We are establishing a permanent Financial Policy Committee inside the Bank of England. Its job will be to monitor overall risks in the financial system, identify bubbles as they develop, spot dangerous inter-connections and stop excessive levels of leverage before it’s too late.
We are also abolishing the Financial Services Authority in its current form, and creating a new Prudential Regulation Authority with a focus on micro-prudential regulation. It will bring judgement to the vital task of regulating the soundness of individual firms that manage risk on their balance sheet. We are ending the tick box culture that dominated the tripartite system of regulation.
Three weeks ago the Interim FPC met for the first time, followed by the publication of the latest Bank of England Financial Stability Report. Both warned of continued sovereign and banking strains stemming from the Euro area and urged banks to use periods of strong earnings to store capital and build resilience against these risks.
These changes to regulatory supervision are essential to ensure that we more effectively monitor and address micro and macro prudential risks. They go a long way to regaining the trust of consumers in banks and the regulators.
Consumer at heart of regulation
But we need to go further. We have to place the consumer at the very heart of the regulatory system. Effective prudential regulation alone is not enough to deliver optimal outcomes for consumers.
In order to deliver the best outcomes for people, businesses and the economy, we need three further things:
- Firstly, a competitive market that delivers efficient prices, a diversity of providers and products, and the innovative provision of new products and services that meet consumer needs
- Secondly, consumers with the capability to engage with the financial system and take responsibility for their actions
- Thirdly, consumers that are supported by robust, fair and proportionate consumer protection measures which build confidence in the financial services industry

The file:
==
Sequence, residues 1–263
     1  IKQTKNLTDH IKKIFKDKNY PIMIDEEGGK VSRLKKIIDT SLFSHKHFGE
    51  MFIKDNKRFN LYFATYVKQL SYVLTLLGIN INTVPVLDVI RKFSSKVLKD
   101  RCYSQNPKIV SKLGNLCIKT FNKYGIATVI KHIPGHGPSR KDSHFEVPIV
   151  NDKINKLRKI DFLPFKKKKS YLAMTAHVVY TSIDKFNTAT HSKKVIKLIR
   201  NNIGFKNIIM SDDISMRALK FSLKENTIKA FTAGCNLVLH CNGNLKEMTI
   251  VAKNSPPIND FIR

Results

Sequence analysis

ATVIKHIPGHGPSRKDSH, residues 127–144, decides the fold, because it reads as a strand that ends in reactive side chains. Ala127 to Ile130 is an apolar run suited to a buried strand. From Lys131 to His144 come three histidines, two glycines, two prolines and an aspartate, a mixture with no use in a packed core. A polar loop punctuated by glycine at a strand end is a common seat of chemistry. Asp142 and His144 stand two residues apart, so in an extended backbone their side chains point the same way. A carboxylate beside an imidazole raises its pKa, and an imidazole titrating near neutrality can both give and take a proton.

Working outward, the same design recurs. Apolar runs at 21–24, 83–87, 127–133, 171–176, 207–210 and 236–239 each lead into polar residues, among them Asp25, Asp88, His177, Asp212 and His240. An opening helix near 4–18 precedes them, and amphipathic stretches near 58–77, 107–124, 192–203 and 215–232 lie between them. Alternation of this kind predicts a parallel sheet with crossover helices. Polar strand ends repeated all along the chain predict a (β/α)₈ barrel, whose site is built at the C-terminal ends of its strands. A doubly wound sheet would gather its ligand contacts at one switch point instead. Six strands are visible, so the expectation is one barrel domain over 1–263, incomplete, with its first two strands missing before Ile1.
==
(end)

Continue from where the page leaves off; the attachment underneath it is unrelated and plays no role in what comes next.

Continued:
Competition. Capability. Confidence.
We are embedding this ethos in the new regulatory framework.
And the new Financial Conduct Authority will be central to this.
As the new conduct regulator, it will have the single strategic objective to protect and enhance confidence in the UK financial system.
It will do this by promoting efficiency and choice, the bedrock of a competitive market….securing appropriate protection for consumers…and protecting and enhancing the integrity of the financial system.
Overlaying this, the FCA will also be under a statutory duty to promote competition, as it exercises its general functions.
Competition is vital to driving better outcomes for consumers and we fully expect that the FCA will be pro-active in executing this duty.
We expect the FCA to pro-actively increase transparency and disclosure across financial markets.
And in the future I would fully expect that the FCA to take the lead when it comes to tackling competition issues that cause consumer detriment.
Taking the example of payment protection insurance (PPI). In this scenario the stronger competition duty and powers we envisage for the FCA would have allowed it to take targeted action to intervene swiftly, and tackle head on the ‘point of sale advantage’ that credit providers had.
In other cases, where the FCA identifies a structural competition issue of concern, we are also providing the FCA with the power to initiate a referral to the OFT. And we are putting a duty on the OFT to set out its response. In this way, we believe the FCA and the OFT’s roles will complement each other in future, improving competition and outcomes for consumers.